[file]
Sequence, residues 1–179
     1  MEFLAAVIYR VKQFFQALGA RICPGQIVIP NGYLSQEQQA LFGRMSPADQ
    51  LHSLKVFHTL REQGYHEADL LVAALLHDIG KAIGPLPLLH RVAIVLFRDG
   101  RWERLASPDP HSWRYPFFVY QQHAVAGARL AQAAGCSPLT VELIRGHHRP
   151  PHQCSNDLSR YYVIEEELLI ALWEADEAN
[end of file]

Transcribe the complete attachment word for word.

Sequence, residues 1–179
     1  MEFLAAVIYR VKQFFQALGA RICPGQIVIP NGYLSQEQQA LFGRMSPADQ
    51  LHSLKVFHTL REQGYHEADL LVAALLHDIG KAIGPLPLLH RVAIVLFRDG
   101  RWERLASPDP HSWRYPFFVY QQHAVAGARL AQAAGCSPLT VELIRGHHRP
   151  PHQCSNDLSR YYVIEEELLI ALWEADEAN